<figure><img src="//cdn2.newsok.biz/cache/r960-05fbffe5d67c24a66c675232a009f284.jpg" alt="Photo - J.D. Baker shares feedback on Tuesday about The Oklahoman at an Oklahoma City luncheon sponsored by the newspaper, while reporter Ben Felder holds the microphone. [Photo by Jim Beckel, The Oklahoman]   " title=" J.D. Baker shares feedback on Tuesday about The Oklahoman at an Oklahoma City luncheon sponsored by the newspaper, while reporter Ben Felder holds the microphone. [Photo by Jim Beckel, The Oklahoman]   "><figcaption> J.D. Baker shares feedback on Tuesday about The Oklahoman at an Oklahoma City luncheon sponsored by the newspaper, while reporter Ben Felder holds the microphone. [Photo by Jim Beckel, The Oklahoman]   </figcaption></figure><figure><img src="//cdn2.newsok.biz/cache/r960-67ce699834e6841b27c342dd48db3498.jpg" alt="Photo - Bob Blackburn talks to the audience about the importance of newspapers in recording the history of a community and a state, and its critical role in serving as a common bond for its citizens. Blackburn is executive director of the Oklahoma Historical Society. Readers of The Oklahoman talked about their daily newspaper's history and hopes for its future Tuesday, Dec. 18, 2018, during a State of the Media luncheon that included frank discussions of the financial challenges facing the newspaper and entire news industry. Photo by Jim Beckel, The Oklahoman. " title="Bob Blackburn talks to the audience about the importance of newspapers in recording the history of a community and a state, and its critical role in serving as a common bond for its citizens. Blackburn is executive director of the Oklahoma Historical Society. Readers of The Oklahoman talked about their daily newspaper's history and hopes for its future Tuesday, Dec. 18, 2018, during a State of the Media luncheon that included frank discussions of the financial challenges facing the newspaper and entire news industry. Photo by Jim Beckel, The Oklahoman. "><figcaption>Bob Blackburn talks to the audience about the importance of newspapers in recording the history of a community and a state, and its critical role in serving as a common bond for its citizens. Blackburn is executive director of the Oklahoma Historical Society. Readers of The Oklahoman talked about their daily newspaper's history and hopes for its future Tuesday, Dec. 18, 2018, during a State of the Media luncheon that included frank discussions of the financial challenges facing the newspaper and entire news industry. Photo by Jim Beckel, The Oklahoman. </figcaption></figure><figure><img src="//cdn2.newsok.biz/cache/r960-cbcce6f98f0b438019057976e9c0ed67.jpg" alt="Photo - Jim Hopson and Kelly Dyer Fry visit after the event. Hopson has served as interim publisher of The Oklahoman until Tuesday, when he announced Fry would be named the newspaper's new publisher. Readers of The Oklahoman talked about their daily newspaper's history and hopes for its future Tuesday, Dec. 18, 2018, during a State of the Media luncheon that included frank discussions of the financial challenges facing the newspaper and entire news industry. Photo by Jim Beckel, The Oklahoman. " title="Jim Hopson and Kelly Dyer Fry visit after the event. Hopson has served as interim publisher of The Oklahoman until Tuesday, when he announced Fry would be named the newspaper's new publisher. Readers of The Oklahoman talked about their daily newspaper's history and hopes for its future Tuesday, Dec. 18, 2018, during a State of the Media luncheon that included frank discussions of the financial challenges facing the newspaper and entire news industry. Photo by Jim Beckel, The Oklahoman. "><figcaption>Jim Hopson and Kelly Dyer Fry visit after the event. Hopson has served as interim publisher of The Oklahoman until Tuesday, when he announced Fry would be named the newspaper's new publisher. Readers of The Oklahoman talked about their daily newspaper's history and hopes for its future Tuesday, Dec. 18, 2018, during a State of the Media luncheon that included frank discussions of the financial challenges facing the newspaper and entire news industry. Photo by Jim Beckel, The Oklahoman. </figcaption></figure><figure><img src="//cdn2.newsok.biz/cache/r960-491396809aa66d3c96003c31440afcca.jpg" alt="Photo - Kelly Dyer Fry, left, is hugged by Jenny Herzberger after the event. Fry was named publisher of The Oklahoman earlier in the day. Readers of The Oklahoman talked about their daily newspaper's history and hopes for its future Tuesday, Dec. 18, 2018, during a State of the Media luncheon that included frank discussions of the financial challenges facing the newspaper and entire news industry. Photo by Jim Beckel, The Oklahoman. " title="Kelly Dyer Fry, left, is hugged by Jenny Herzberger after the event. Fry was named publisher of The Oklahoman earlier in the day. Readers of The Oklahoman talked about their daily newspaper's history and hopes for its future Tuesday, Dec. 18, 2018, during a State of the Media luncheon that included frank discussions of the financial challenges facing the newspaper and entire news industry. Photo by Jim Beckel, The Oklahoman. "><figcaption>Kelly Dyer Fry, left, is hugged by Jenny Herzberger after the event. Fry was named publisher of The Oklahoman earlier in the day. Readers of The Oklahoman talked about their daily newspaper's history and hopes for its future Tuesday, Dec. 18, 2018, during a State of the Media luncheon that included frank discussions of the financial challenges facing the newspaper and entire news industry. Photo by Jim Beckel, The Oklahoman. </figcaption></figure><figure><img src="//cdn2.newsok.biz/cache/r960-d6cccf2590e776a90ad02b02329183f8.jpg" alt="Photo - Reporter Ben Felder, standing right, holds a microphone as a guest shares feedback from group discussion at his table. Readers of The Oklahoman talked about their daily newspaper's history and hopes for its future Tuesday, Dec. 18, 2018, during a State of the Media luncheon that included frank discussions of the financial challenges facing the newspaper and entire news industry. Photo by Jim Beckel, The Oklahoman. " title="Reporter Ben Felder, standing right, holds a microphone as a guest shares feedback from group discussion at his table. Readers of The Oklahoman talked about their daily newspaper's history and hopes for its future Tuesday, Dec. 18, 2018, during a State of the Media luncheon that included frank discussions of the financial challenges facing the newspaper and entire news industry. Photo by Jim Beckel, The Oklahoman. "><figcaption>Reporter Ben Felder, standing right, holds a microphone as a guest shares feedback from group discussion at his table. Readers of The Oklahoman talked about their daily newspaper's history and hopes for its future Tuesday, Dec. 18, 2018, during a State of the Media luncheon that included frank discussions of the financial challenges facing the newspaper and entire news industry. Photo by Jim Beckel, The Oklahoman. </figcaption></figure><figure><img src="//cdn2.newsok.biz/cache/r960-0790d4b14657a5a9fa68c31769252864.jpg" alt="Photo - These packets were on the seat of every chair when guests arrived. Readers of The Oklahoman talked about their daily newspaper's history and hopes for its future Tuesday, Dec. 18, 2018, during a State of the Media luncheon that included frank discussions of the financial challenges facing the newspaper and entire news industry. Photo by Jim Beckel, The Oklahoman. " title="These packets were on the seat of every chair when guests arrived. Readers of The Oklahoman talked about their daily newspaper's history and hopes for its future Tuesday, Dec. 18, 2018, during a State of the Media luncheon that included frank discussions of the financial challenges facing the newspaper and entire news industry. Photo by Jim Beckel, The Oklahoman. "><figcaption>These packets were on the seat of every chair when guests arrived. Readers of The Oklahoman talked about their daily newspaper's history and hopes for its future Tuesday, Dec. 18, 2018, during a State of the Media luncheon that included frank discussions of the financial challenges facing the newspaper and entire news industry. Photo by Jim Beckel, The Oklahoman. </figcaption></figure><figure><img src="//cdn2.newsok.biz/cache/r960-7b4771bbe6bf414710f31251f590bf1d.jpg" alt="Photo - Reporter Steve Lackmeyer, right, talks with Robert J Ross, left, and Bob Blackburn before the program started. Ross is president and CEO of Inasmuch Foundation. Blackburn is executive director at the Oklahoma Historical Society. Readers of The Oklahoman talked about their daily newspaper's history and hopes for its future Tuesday, Dec. 18, 2018, during a State of the Media luncheon that included frank discussions of the financial challenges facing the newspaper and entire news industry. Photo by Jim Beckel, The Oklahoman. " title="Reporter Steve Lackmeyer, right, talks with Robert J Ross, left, and Bob Blackburn before the program started. Ross is president and CEO of Inasmuch Foundation. Blackburn is executive director at the Oklahoma Historical Society. Readers of The Oklahoman talked about their daily newspaper's history and hopes for its future Tuesday, Dec. 18, 2018, during a State of the Media luncheon that included frank discussions of the financial challenges facing the newspaper and entire news industry. Photo by Jim Beckel, The Oklahoman. "><figcaption>Reporter Steve Lackmeyer, right, talks with Robert J Ross, left, and Bob Blackburn before the program started. Ross is president and CEO of Inasmuch Foundation. Blackburn is executive director at the Oklahoma Historical Society. Readers of The Oklahoman talked about their daily newspaper's history and hopes for its future Tuesday, Dec. 18, 2018, during a State of the Media luncheon that included frank discussions of the financial challenges facing the newspaper and entire news industry. Photo by Jim Beckel, The Oklahoman. </figcaption></figure><figure><img src="//cdn2.newsok.biz/cache/r960-8a0d074de11152348e75fb79e02f6cde.jpg" alt="Photo - Adam Soltani provides feedback to The Oklahoman publisher Kelly Dyer Fry at the event. Soltani is executive director of the Council on American-Islamic Relations in Oklahoma City. At right is reporter Ben Felder. Readers of The Oklahoman talked about their daily newspaper's history and hopes for its future Tuesday, Dec. 18, 2018, during a State of the Media luncheon that included frank discussions of the financial challenges facing the newspaper and entire news industry. Photo by Jim Beckel, The Oklahoman. " title="Adam Soltani provides feedback to The Oklahoman publisher Kelly Dyer Fry at the event. Soltani is executive director of the Council on American-Islamic Relations in Oklahoma City. At right is reporter Ben Felder. Readers of The Oklahoman talked about their daily newspaper's history and hopes for its future Tuesday, Dec. 18, 2018, during a State of the Media luncheon that included frank discussions of the financial challenges facing the newspaper and entire news industry. Photo by Jim Beckel, The Oklahoman. "><figcaption>Adam Soltani provides feedback to The Oklahoman publisher Kelly Dyer Fry at the event. Soltani is executive director of the Council on American-Islamic Relations in Oklahoma City. At right is reporter Ben Felder. Readers of The Oklahoman talked about their daily newspaper's history and hopes for its future Tuesday, Dec. 18, 2018, during a State of the Media luncheon that included frank discussions of the financial challenges facing the newspaper and entire news industry. Photo by Jim Beckel, The Oklahoman. </figcaption></figure><figure><img src="//cdn2.newsok.biz/cache/r960-6537f93c21524cde11af1ab22c850b15.jpg" alt="Photo - Readers of The Oklahoman talked about their daily newspaper's history and hopes for its future Tuesday, Dec. 18, 2018, during a State of the Media luncheon that included frank discussions of the financial challenges facing the newspaper and entire news industry. Photo by Jim Beckel, The Oklahoman. " title="Readers of The Oklahoman talked about their daily newspaper's history and hopes for its future Tuesday, Dec. 18, 2018, during a State of the Media luncheon that included frank discussions of the financial challenges facing the newspaper and entire news industry. Photo by Jim Beckel, The Oklahoman. "><figcaption>Readers of The Oklahoman talked about their daily newspaper's history and hopes for its future Tuesday, Dec. 18, 2018, during a State of the Media luncheon that included frank discussions of the financial challenges facing the newspaper and entire news industry. Photo by Jim Beckel, The Oklahoman. </figcaption></figure><figure><img src="//cdn2.newsok.biz/cache/r960-56a520c44c2526ef0be9cbb8293f158f.jpg" alt="Photo - Senior reporter Randy Ellis, center, visits with attorney Bob Nelon, left, and Brian Walter of Kingfisher. Readers of The Oklahoman talked about their daily newspaper's history and hopes for its future Tuesday, Dec. 18, 2018, during a luncheon that included frank discussions of the financial challenges facing the newspaper and entire news industry. Photo by Jim Beckel, The Oklahoman. " title="Senior reporter Randy Ellis, center, visits with attorney Bob Nelon, left, and Brian Walter of Kingfisher. Readers of The Oklahoman talked about their daily newspaper's history and hopes for its future Tuesday, Dec. 18, 2018, during a luncheon that included frank discussions of the financial challenges facing the newspaper and entire news industry. Photo by Jim Beckel, The Oklahoman. "><figcaption>Senior reporter Randy Ellis, center, visits with attorney Bob Nelon, left, and Brian Walter of Kingfisher. Readers of The Oklahoman talked about their daily newspaper's history and hopes for its future Tuesday, Dec. 18, 2018, during a luncheon that included frank discussions of the financial challenges facing the newspaper and entire news industry. Photo by Jim Beckel, The Oklahoman. </figcaption></figure><figure><img src="//cdn2.newsok.biz/cache/r960-46c6d23a00273ee6a7126fb644a22da6.jpg" alt="Photo - Bob Blackburn talks to the audience about the importance of newspapers in recording the history of a community and a state, and its critical role in serving as a common bond for its citizens. Blackburn is executive director of the Oklahoma Historical Society. Readers of The Oklahoman talked about their daily newspaper's history and hopes for its future Tuesday, Dec. 18, 2018, during a State of the Media luncheon that included frank discussions of the financial challenges facing the newspaper and entire news industry. Photo by Jim Beckel, The Oklahoman. " title="Bob Blackburn talks to the audience about the importance of newspapers in recording the history of a community and a state, and its critical role in serving as a common bond for its citizens. Blackburn is executive director of the Oklahoma Historical Society. Readers of The Oklahoman talked about their daily newspaper's history and hopes for its future Tuesday, Dec. 18, 2018, during a State of the Media luncheon that included frank discussions of the financial challenges facing the newspaper and entire news industry. Photo by Jim Beckel, The Oklahoman. "><figcaption>Bob Blackburn talks to the audience about the importance of newspapers in recording the history of a community and a state, and its critical role in serving as a common bond for its citizens. Blackburn is executive director of the Oklahoma Historical Society. Readers of The Oklahoman talked about their daily newspaper's history and hopes for its future Tuesday, Dec. 18, 2018, during a State of the Media luncheon that included frank discussions of the financial challenges facing the newspaper and entire news industry. Photo by Jim Beckel, The Oklahoman. </figcaption></figure><figure><img src="//cdn2.newsok.biz/cache/r960-cbb4e72288acb4f4b903a71c13c6aa44.jpg" alt="Photo - Kelly Dyer Fry tells the audiences the modern day challenges of publishing a daily newspaper. Fry was named publisher of The Oklahoman Tuesday morning. Readers of The Oklahoman talked about their daily newspaper's history and hopes for its future Tuesday, Dec. 18, 2018, during a State of the Media luncheon that included frank discussions of the financial challenges facing the newspaper and entire news industry. Photo by Jim Beckel, The Oklahoman. " title="Kelly Dyer Fry tells the audiences the modern day challenges of publishing a daily newspaper. Fry was named publisher of The Oklahoman Tuesday morning. Readers of The Oklahoman talked about their daily newspaper's history and hopes for its future Tuesday, Dec. 18, 2018, during a State of the Media luncheon that included frank discussions of the financial challenges facing the newspaper and entire news industry. Photo by Jim Beckel, The Oklahoman. "><figcaption>Kelly Dyer Fry tells the audiences the modern day challenges of publishing a daily newspaper. Fry was named publisher of The Oklahoman Tuesday morning. Readers of The Oklahoman talked about their daily newspaper's history and hopes for its future Tuesday, Dec. 18, 2018, during a State of the Media luncheon that included frank discussions of the financial challenges facing the newspaper and entire news industry. Photo by Jim Beckel, The Oklahoman. </figcaption></figure><figure><img src="//cdn2.newsok.biz/cache/r960-dc8f2e2e3c0d60dec3d3e34543cea201.jpg" alt="Photo - Kelly Dyer Fry smiles as she walks to the microphone after being introduced to the audience as the new publisher of The Oklahoman by Jim Hopson, right, who had served as the newspaper's interim publisher until Tuesday. Readers of The Oklahoman talked about their daily newspaper's history and hopes for its future Tuesday, Dec. 18, 2018, during a State of the Media luncheon that included frank discussions of the financial challenges facing the newspaper and entire news industry. Photo by Jim Beckel, The Oklahoman. " title="Kelly Dyer Fry smiles as she walks to the microphone after being introduced to the audience as the new publisher of The Oklahoman by Jim Hopson, right, who had served as the newspaper's interim publisher until Tuesday. Readers of The Oklahoman talked about their daily newspaper's history and hopes for its future Tuesday, Dec. 18, 2018, during a State of the Media luncheon that included frank discussions of the financial challenges facing the newspaper and entire news industry. Photo by Jim Beckel, The Oklahoman. "><figcaption>Kelly Dyer Fry smiles as she walks to the microphone after being introduced to the audience as the new publisher of The Oklahoman by Jim Hopson, right, who had served as the newspaper's interim publisher until Tuesday. Readers of The Oklahoman talked about their daily newspaper's history and hopes for its future Tuesday, Dec. 18, 2018, during a State of the Media luncheon that included frank discussions of the financial challenges facing the newspaper and entire news industry. Photo by Jim Beckel, The Oklahoman. </figcaption></figure><figure><img src="//cdn2.newsok.biz/cache/r960-872ef4aff2ee5285e22312feda126400.jpg" alt="Photo - Kelly Dyer Fry smiles as she shakes the hand of Jim Hopson after he introduced her to the audience as the new publisher of The Oklahoman. Hopson had served as the newspaper's interim publisher until Tuesday. Readers of The Oklahoman talked about their daily newspaper's history and hopes for its future Tuesday, Dec. 18, 2018, during a State of the Media luncheon that included frank discussions of the financial challenges facing the newspaper and entire news industry. Photo by Jim Beckel, The Oklahoman. " title="Kelly Dyer Fry smiles as she shakes the hand of Jim Hopson after he introduced her to the audience as the new publisher of The Oklahoman. Hopson had served as the newspaper's interim publisher until Tuesday. Readers of The Oklahoman talked about their daily newspaper's history and hopes for its future Tuesday, Dec. 18, 2018, during a State of the Media luncheon that included frank discussions of the financial challenges facing the newspaper and entire news industry. Photo by Jim Beckel, The Oklahoman. "><figcaption>Kelly Dyer Fry smiles as she shakes the hand of Jim Hopson after he introduced her to the audience as the new publisher of The Oklahoman. Hopson had served as the newspaper's interim publisher until Tuesday. Readers of The Oklahoman talked about their daily newspaper's history and hopes for its future Tuesday, Dec. 18, 2018, during a State of the Media luncheon that included frank discussions of the financial challenges facing the newspaper and entire news industry. Photo by Jim Beckel, The Oklahoman. </figcaption></figure><figure><img src="//cdn2.newsok.biz/cache/r960-05fbffe5d67c24a66c675232a009f284.jpg" alt="Photo - J. D. Baker shares feedback from discussion at his table. Holding a microphone is reporter Ben Felder. Baker is a special assistant to Oklahoma City Mayor David Holt. Readers of The Oklahoman talked about their daily newspaper's history and hopes for its future Tuesday, Dec. 18, 2018, during a State of the Media luncheon that included frank discussions of the financial challenges facing the newspaper and entire news industry. Photo by Jim Beckel, The Oklahoman. " title="J. D. Baker shares feedback from discussion at his table. Holding a microphone is reporter Ben Felder. Baker is a special assistant to Oklahoma City Mayor David Holt. Readers of The Oklahoman talked about their daily newspaper's history and hopes for its future Tuesday, Dec. 18, 2018, during a State of the Media luncheon that included frank discussions of the financial challenges facing the newspaper and entire news industry. Photo by Jim Beckel, The Oklahoman. "><figcaption>J. D. Baker shares feedback from discussion at his table. Holding a microphone is reporter Ben Felder. Baker is a special assistant to Oklahoma City Mayor David Holt. Readers of The Oklahoman talked about their daily newspaper's history and hopes for its future Tuesday, Dec. 18, 2018, during a State of the Media luncheon that included frank discussions of the financial challenges facing the newspaper and entire news industry. Photo by Jim Beckel, The Oklahoman. </figcaption></figure><figure><img src="//cdn2.newsok.biz/cache/r960-3be3267c98d0ca1479bbd6f40de53f37.jpg" alt="Photo - Jane Jayroe Gamble shares feedback after a discussion session at her table. At right is Dave Morris, digital managing editor for The Oklahoman. Readers of The Oklahoman talked about their daily newspaper's history and hopes for its future Tuesday, Dec. 18, 2018, during a State of the Media luncheon that included frank discussions of the financial challenges facing the newspaper and entire news industry. Photo by Jim Beckel, The Oklahoman. " title="Jane Jayroe Gamble shares feedback after a discussion session at her table. At right is Dave Morris, digital managing editor for The Oklahoman. Readers of The Oklahoman talked about their daily newspaper's history and hopes for its future Tuesday, Dec. 18, 2018, during a State of the Media luncheon that included frank discussions of the financial challenges facing the newspaper and entire news industry. Photo by Jim Beckel, The Oklahoman. "><figcaption>Jane Jayroe Gamble shares feedback after a discussion session at her table. At right is Dave Morris, digital managing editor for The Oklahoman. Readers of The Oklahoman talked about their daily newspaper's history and hopes for its future Tuesday, Dec. 18, 2018, during a State of the Media luncheon that included frank discussions of the financial challenges facing the newspaper and entire news industry. Photo by Jim Beckel, The Oklahoman. </figcaption></figure><figure><img src="//cdn2.newsok.biz/cache/r960-b4849c714dbb21883b2009e4a0a88e0e.jpg" alt="Photo - Jim Hopson, interim publisher of The Oklahoman, tells guests in the audience that Kelly Dyer Fry has been named the newest publisher of The Oklahoman by the newspaper's owner, Gatehouse Media. Readers of The Oklahoman talked about their daily newspaper's history and hopes for its future Tuesday, Dec. 18, 2018, during a luncheon that included frank discussions of the financial challenges facing the newspaper and entire news industry. Photo by Jim Beckel, The Oklahoman. " title="Jim Hopson, interim publisher of The Oklahoman, tells guests in the audience that Kelly Dyer Fry has been named the newest publisher of The Oklahoman by the newspaper's owner, Gatehouse Media. Readers of The Oklahoman talked about their daily newspaper's history and hopes for its future Tuesday, Dec. 18, 2018, during a luncheon that included frank discussions of the financial challenges facing the newspaper and entire news industry. Photo by Jim Beckel, The Oklahoman. "><figcaption>Jim Hopson, interim publisher of The Oklahoman, tells guests in the audience that Kelly Dyer Fry has been named the newest publisher of The Oklahoman by the newspaper's owner, Gatehouse Media. Readers of The Oklahoman talked about their daily newspaper's history and hopes for its future Tuesday, Dec. 18, 2018, during a luncheon that included frank discussions of the financial challenges facing the newspaper and entire news industry. Photo by Jim Beckel, The Oklahoman. </figcaption></figure><figure><img src="//cdn2.newsok.biz/cache/r960-5241e8bbe64fa651abedc89d20151971.jpg" alt="Photo - The Oklahoman's Opinion Editor Owen Canfield, left, points someone out to former Gov. George Nigh before the event started. Readers of The Oklahoman talked about their daily newspaper's history and hopes for its future Tuesday, Dec. 18, 2018, during a luncheon that included frank discussions of the financial challenges facing the newspaper and entire news industry. Photo by Jim Beckel, The Oklahoman. " title="The Oklahoman's Opinion Editor Owen Canfield, left, points someone out to former Gov. George Nigh before the event started. Readers of The Oklahoman talked about their daily newspaper's history and hopes for its future Tuesday, Dec. 18, 2018, during a luncheon that included frank discussions of the financial challenges facing the newspaper and entire news industry. Photo by Jim Beckel, The Oklahoman. "><figcaption>The Oklahoman's Opinion Editor Owen Canfield, left, points someone out to former Gov. George Nigh before the event started. Readers of The Oklahoman talked about their daily newspaper's history and hopes for its future Tuesday, Dec. 18, 2018, during a luncheon that included frank discussions of the financial challenges facing the newspaper and entire news industry. Photo by Jim Beckel, The Oklahoman. </figcaption></figure><figure><img src="//cdn2.newsok.biz/cache/r960-f1dc7c8294741133dee91f1b4ce75099.jpg" alt="Photo - From left, former Gov. David Walters, Bob Blackburn and an unidentified guest attend the event. Readers of The Oklahoman talked about their daily newspaper's history and hopes for its future Tuesday, Dec. 18, 2018, during a State of the Media luncheon that included frank discussions of the financial challenges facing the newspaper and entire news industry. Photo by Jim Beckel, The Oklahoman. " title="From left, former Gov. David Walters, Bob Blackburn and an unidentified guest attend the event. Readers of The Oklahoman talked about their daily newspaper's history and hopes for its future Tuesday, Dec. 18, 2018, during a State of the Media luncheon that included frank discussions of the financial challenges facing the newspaper and entire news industry. Photo by Jim Beckel, The Oklahoman. "><figcaption>From left, former Gov. David Walters, Bob Blackburn and an unidentified guest attend the event. Readers of The Oklahoman talked about their daily newspaper's history and hopes for its future Tuesday, Dec. 18, 2018, during a State of the Media luncheon that included frank discussions of the financial challenges facing the newspaper and entire news industry. Photo by Jim Beckel, The Oklahoman. </figcaption></figure><figure><img src="//cdn2.newsok.biz/cache/r960-09e8517f2af894afb3a69597c378eded.jpg" alt="Photo - Jane Jayroe Gamble shares feedback after a discussion session at her table. At right is Dave Morris, digital managing editor for The Oklahoman. Readers of The Oklahoman talked about their daily newspaper's history and hopes for its future Tuesday, Dec. 18, 2018, during a State of the Media luncheon that included frank discussions of the financial challenges facing the newspaper and entire news industry. Photo by Jim Beckel, The Oklahoman. " title="Jane Jayroe Gamble shares feedback after a discussion session at her table. At right is Dave Morris, digital managing editor for The Oklahoman. Readers of The Oklahoman talked about their daily newspaper's history and hopes for its future Tuesday, Dec. 18, 2018, during a State of the Media luncheon that included frank discussions of the financial challenges facing the newspaper and entire news industry. Photo by Jim Beckel, The Oklahoman. "><figcaption>Jane Jayroe Gamble shares feedback after a discussion session at her table. At right is Dave Morris, digital managing editor for The Oklahoman. Readers of The Oklahoman talked about their daily newspaper's history and hopes for its future Tuesday, Dec. 18, 2018, during a State of the Media luncheon that included frank discussions of the financial challenges facing the newspaper and entire news industry. Photo by Jim Beckel, The Oklahoman. </figcaption></figure><figure><img src="//cdn2.newsok.biz/cache/r960-3f04b0e12b09cdd63f3629937612b1e8.jpg" alt="Photo - Kelly Dyer Fry and Stan Hupfeld pose for a picture after the event. Fry was named publisher of The Oklahoman earlier in the day. Hupfeld is former president and chief executive officer of Integris Health. Readers of The Oklahoman talked about their daily newspaper's history and hopes for its future Tuesday, Dec. 18, 2018, during a State of the Media luncheon that included frank discussions of the financial challenges facing the newspaper and entire news industry. Photo by Jim Beckel, The Oklahoman. " title="Kelly Dyer Fry and Stan Hupfeld pose for a picture after the event. Fry was named publisher of The Oklahoman earlier in the day. Hupfeld is former president and chief executive officer of Integris Health. Readers of The Oklahoman talked about their daily newspaper's history and hopes for its future Tuesday, Dec. 18, 2018, during a State of the Media luncheon that included frank discussions of the financial challenges facing the newspaper and entire news industry. Photo by Jim Beckel, The Oklahoman. "><figcaption>Kelly Dyer Fry and Stan Hupfeld pose for a picture after the event. Fry was named publisher of The Oklahoman earlier in the day. Hupfeld is former president and chief executive officer of Integris Health. Readers of The Oklahoman talked about their daily newspaper's history and hopes for its future Tuesday, Dec. 18, 2018, during a State of the Media luncheon that included frank discussions of the financial challenges facing the newspaper and entire news industry. Photo by Jim Beckel, The Oklahoman. </figcaption></figure><figure><img src="//cdn2.newsok.biz/cache/r960-e3e625064f190987bb652a49040cdcc1.jpg" alt="Photo - Jim Hopson and Kelly Dyer Fry visit after the event. Hopson has served as interim publisher of The Oklahoman until Tuesday, when he announced Fry would be named the newspaper's new publisher. Readers of The Oklahoman talked about their daily newspaper's history and hopes for its future Tuesday, Dec. 18, 2018, during a State of the Media luncheon that included frank discussions of the financial challenges facing the newspaper and entire news industry. Photo by Jim Beckel, The Oklahoman. " title="Jim Hopson and Kelly Dyer Fry visit after the event. Hopson has served as interim publisher of The Oklahoman until Tuesday, when he announced Fry would be named the newspaper's new publisher. Readers of The Oklahoman talked about their daily newspaper's history and hopes for its future Tuesday, Dec. 18, 2018, during a State of the Media luncheon that included frank discussions of the financial challenges facing the newspaper and entire news industry. Photo by Jim Beckel, The Oklahoman. "><figcaption>Jim Hopson and Kelly Dyer Fry visit after the event. Hopson has served as interim publisher of The Oklahoman until Tuesday, when he announced Fry would be named the newspaper's new publisher. Readers of The Oklahoman talked about their daily newspaper's history and hopes for its future Tuesday, Dec. 18, 2018, during a State of the Media luncheon that included frank discussions of the financial challenges facing the newspaper and entire news industry. Photo by Jim Beckel, The Oklahoman. </figcaption></figure>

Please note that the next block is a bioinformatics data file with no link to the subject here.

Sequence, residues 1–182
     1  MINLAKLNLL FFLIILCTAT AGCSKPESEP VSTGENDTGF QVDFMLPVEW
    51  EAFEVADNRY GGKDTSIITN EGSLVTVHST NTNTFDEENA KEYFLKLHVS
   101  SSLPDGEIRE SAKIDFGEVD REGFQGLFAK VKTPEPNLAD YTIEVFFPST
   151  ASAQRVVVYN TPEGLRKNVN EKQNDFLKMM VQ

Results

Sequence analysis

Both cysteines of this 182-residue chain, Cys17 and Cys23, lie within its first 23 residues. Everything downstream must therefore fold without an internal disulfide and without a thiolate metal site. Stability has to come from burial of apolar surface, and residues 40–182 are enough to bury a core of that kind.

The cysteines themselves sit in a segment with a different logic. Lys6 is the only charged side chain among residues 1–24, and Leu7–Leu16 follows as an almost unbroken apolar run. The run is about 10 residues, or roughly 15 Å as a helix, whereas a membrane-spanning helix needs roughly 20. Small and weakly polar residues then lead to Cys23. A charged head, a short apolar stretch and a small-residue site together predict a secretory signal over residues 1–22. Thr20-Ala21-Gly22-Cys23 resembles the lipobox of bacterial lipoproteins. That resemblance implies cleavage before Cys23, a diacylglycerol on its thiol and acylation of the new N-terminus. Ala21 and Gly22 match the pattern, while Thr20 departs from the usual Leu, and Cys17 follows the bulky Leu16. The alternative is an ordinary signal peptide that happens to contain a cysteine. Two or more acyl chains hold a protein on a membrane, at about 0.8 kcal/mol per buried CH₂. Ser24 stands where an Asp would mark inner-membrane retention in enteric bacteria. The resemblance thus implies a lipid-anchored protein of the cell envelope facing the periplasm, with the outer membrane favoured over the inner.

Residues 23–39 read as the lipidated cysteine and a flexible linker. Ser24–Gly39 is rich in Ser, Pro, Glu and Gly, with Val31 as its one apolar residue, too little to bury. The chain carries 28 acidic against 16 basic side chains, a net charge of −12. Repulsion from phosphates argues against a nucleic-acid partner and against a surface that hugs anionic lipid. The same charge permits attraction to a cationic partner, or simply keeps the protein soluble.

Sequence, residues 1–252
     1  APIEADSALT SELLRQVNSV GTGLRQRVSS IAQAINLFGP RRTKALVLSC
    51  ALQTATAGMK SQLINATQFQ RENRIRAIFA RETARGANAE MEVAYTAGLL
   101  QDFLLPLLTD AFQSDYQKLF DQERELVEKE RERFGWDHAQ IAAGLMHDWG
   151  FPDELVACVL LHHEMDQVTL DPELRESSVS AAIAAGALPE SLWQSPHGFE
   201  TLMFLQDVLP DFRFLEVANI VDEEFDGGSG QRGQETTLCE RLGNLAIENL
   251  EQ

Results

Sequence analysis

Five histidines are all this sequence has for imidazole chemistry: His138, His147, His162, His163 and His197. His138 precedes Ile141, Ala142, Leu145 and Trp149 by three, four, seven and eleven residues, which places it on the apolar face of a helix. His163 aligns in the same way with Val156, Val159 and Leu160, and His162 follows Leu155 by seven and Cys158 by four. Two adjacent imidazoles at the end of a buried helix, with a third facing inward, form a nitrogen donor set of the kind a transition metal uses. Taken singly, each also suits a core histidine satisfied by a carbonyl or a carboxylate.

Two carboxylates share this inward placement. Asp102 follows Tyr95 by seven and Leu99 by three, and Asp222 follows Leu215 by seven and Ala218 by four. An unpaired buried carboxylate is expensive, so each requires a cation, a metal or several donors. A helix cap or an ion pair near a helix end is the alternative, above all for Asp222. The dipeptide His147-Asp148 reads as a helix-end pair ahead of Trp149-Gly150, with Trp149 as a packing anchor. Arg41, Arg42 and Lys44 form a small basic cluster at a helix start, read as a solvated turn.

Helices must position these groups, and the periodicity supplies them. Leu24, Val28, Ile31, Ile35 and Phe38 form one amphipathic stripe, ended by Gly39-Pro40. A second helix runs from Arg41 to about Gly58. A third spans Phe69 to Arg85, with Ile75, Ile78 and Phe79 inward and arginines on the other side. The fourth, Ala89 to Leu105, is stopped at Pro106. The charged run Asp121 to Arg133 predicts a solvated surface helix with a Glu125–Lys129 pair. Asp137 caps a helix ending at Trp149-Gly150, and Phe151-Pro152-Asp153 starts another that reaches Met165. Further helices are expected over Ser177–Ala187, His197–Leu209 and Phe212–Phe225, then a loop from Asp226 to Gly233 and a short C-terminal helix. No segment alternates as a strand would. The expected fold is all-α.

Randy Ellis

For the past 30 years, staff writer Randy Ellis has exposed public corruption and government mismanagement in news articles. Ellis has investigated problems in Oklahoma's higher education institutions and wrote stories that ultimately led to two... Read more ›